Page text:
Habit 5, “Seek First to Understand, Then to Be Understood,” is a skill. This can be frightening at times because it means that I have a choice―a proactive choice―to improve in this area. If listening is a skill, I can’t blame it on my parents, genetics, or environment. I can improve if I so desire. Is this a heavy burden―or perhaps a beautiful opportunity―to learn from others, to improve relationships, and to build trust?

What gets in the way?  Ego. Lack of time―or lack of making time. If we can fail to develop the desire to truly empathize, or we simply don’t have the will, perhaps we make excuses or have a mentality that positions ourselves as the victim, preventing us from opening up to understanding others. 

But there’s good news! For as many excuses as we might make for failing to adhere to this habit, there is one simple strategy we all have the power to employ: listening. Listening is a beautiful skill that makes a difference in how we relate to those around us.

There are a number of strategies that impact our success with this Habit. Staying quiet is one. Not analyzing, probing, or needing to “figure someone out.” This means suspending judgment and simply capturing the learning of the moment. It is a lovely and beautiful gift to listen with empathy, to care and demonstrate caring, and to truly seek to understand another human being. When that has been accomplished and trust is high, we can ask for the space to be understood. From this, our relationship grows stronger and more vital.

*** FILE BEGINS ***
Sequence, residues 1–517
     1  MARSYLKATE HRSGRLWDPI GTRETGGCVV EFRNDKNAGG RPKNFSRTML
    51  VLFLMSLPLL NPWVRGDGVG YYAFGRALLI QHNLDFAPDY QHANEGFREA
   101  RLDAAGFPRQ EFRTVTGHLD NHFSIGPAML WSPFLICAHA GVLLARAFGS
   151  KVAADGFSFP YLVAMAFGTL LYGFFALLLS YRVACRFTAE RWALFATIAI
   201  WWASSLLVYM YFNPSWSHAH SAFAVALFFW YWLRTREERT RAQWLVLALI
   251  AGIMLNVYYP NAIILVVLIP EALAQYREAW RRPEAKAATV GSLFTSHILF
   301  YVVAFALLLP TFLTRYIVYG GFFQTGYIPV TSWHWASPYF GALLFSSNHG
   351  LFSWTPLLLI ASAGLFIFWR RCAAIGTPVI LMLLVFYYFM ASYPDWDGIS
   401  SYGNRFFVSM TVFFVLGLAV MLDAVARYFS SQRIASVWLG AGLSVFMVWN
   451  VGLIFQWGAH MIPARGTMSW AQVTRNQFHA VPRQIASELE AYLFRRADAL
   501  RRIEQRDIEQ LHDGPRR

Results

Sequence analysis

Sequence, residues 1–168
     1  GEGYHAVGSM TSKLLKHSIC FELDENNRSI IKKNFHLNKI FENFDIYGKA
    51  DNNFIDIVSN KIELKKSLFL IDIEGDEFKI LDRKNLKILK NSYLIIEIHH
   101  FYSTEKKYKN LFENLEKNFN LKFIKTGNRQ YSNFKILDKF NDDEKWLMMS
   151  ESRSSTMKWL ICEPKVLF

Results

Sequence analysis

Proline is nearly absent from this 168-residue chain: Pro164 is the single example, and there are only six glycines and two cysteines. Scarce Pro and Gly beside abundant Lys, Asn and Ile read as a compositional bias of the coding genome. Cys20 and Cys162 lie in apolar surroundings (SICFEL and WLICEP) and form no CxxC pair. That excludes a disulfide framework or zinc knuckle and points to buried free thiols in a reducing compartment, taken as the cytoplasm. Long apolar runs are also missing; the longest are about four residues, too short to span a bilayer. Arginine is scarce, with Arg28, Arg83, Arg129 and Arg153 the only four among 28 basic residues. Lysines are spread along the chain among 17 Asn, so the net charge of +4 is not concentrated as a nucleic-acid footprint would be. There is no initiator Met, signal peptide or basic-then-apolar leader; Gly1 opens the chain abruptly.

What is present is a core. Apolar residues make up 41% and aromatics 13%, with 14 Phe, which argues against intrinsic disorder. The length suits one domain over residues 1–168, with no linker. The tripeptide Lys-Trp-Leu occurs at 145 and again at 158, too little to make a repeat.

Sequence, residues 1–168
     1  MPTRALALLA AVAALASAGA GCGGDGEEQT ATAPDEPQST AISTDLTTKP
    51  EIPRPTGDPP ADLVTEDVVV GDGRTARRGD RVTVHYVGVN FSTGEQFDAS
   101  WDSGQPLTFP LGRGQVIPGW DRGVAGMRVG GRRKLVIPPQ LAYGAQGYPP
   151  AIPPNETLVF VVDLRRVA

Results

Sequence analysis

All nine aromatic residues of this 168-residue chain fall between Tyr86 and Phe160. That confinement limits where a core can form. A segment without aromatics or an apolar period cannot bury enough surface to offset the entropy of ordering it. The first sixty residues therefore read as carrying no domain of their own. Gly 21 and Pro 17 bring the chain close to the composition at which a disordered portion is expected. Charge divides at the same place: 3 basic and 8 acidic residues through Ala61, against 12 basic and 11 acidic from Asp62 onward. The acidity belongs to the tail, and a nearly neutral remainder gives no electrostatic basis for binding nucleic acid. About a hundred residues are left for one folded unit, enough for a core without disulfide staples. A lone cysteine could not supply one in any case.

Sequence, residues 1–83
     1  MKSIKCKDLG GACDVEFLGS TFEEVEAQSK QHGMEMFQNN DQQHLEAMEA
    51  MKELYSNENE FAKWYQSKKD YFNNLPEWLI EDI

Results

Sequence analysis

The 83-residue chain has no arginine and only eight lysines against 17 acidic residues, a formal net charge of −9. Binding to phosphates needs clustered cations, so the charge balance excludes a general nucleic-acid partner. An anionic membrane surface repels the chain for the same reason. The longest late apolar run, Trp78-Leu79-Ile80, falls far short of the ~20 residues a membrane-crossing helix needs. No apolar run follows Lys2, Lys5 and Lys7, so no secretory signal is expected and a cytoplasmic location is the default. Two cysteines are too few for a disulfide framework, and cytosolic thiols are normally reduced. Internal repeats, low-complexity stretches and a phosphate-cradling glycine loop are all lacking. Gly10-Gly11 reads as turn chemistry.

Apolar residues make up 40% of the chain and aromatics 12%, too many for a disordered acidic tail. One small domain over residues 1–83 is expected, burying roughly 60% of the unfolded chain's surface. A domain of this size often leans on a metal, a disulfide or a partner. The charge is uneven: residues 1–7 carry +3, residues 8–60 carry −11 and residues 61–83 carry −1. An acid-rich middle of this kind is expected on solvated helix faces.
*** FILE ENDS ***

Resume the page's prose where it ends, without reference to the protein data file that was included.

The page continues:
Brad Starnes:

This Habit begins with being an active listener. In practice, this looks like keeping my own mouth closed while empowering those around me. Collaboration is powerful, and if we first seek to understand others’ strengths, we can make it reality.

Being successful with this Habit also means not taking things personally, it means seeing negatives (problems) as potential positives (opportunities). Where we face challenges, we can have opportunities for change, for understanding others and repeating back to them what we’ve heard. In this way, we demonstrate that we have been intentional about understanding. 

Then, we pivot to making sure we are understood. In my case, as I repeat back to someone what I heard them say, my goal is to suggest solutions, rather than opening the door to excuses, while providing them opportunities to solve their own problems. Through this process, we integrate strategies with the philosophy of being in control of our own destiny. 


About Betsy Wierda:

Betsy Wierda is a FranklinCovey Coach based in Jacksonville, Fla., and has spent seven years in this critical role. She currently supports more than 50 schools in Florida and Georgia, and believes the best thing about her job is helping schools determine what measurable results they can―and should―be able to achieve in their work with Leader in Me, and then assisting them along that journey. 

“It’s all about the schools and what they want and need.” She goes on to describe why it’s so powerful when school leadership brings someone in to help their educators. “I’m not only bringing help, but also bringing hope,” she explains. This process shows educators that their school and district believes in―and is investing in―their success.


About Brad Starnes:

Brad Starnes is Superintendent of Wabaunsee School District in Alma, Kansas, which became the first Leader in Me district in the state four years ago. Brad has been named a Leader in Me Community Champion in recognition of his outstanding work as an education leader.

When it comes to his leadership style, Brad consistently focuses on inspiring trust. “Your word is your word. We can solve anything if we understand that from the beginning,” he says. Trust is earned, and earned continuously, and when a leader can keep this in mind, the sky’s the limit.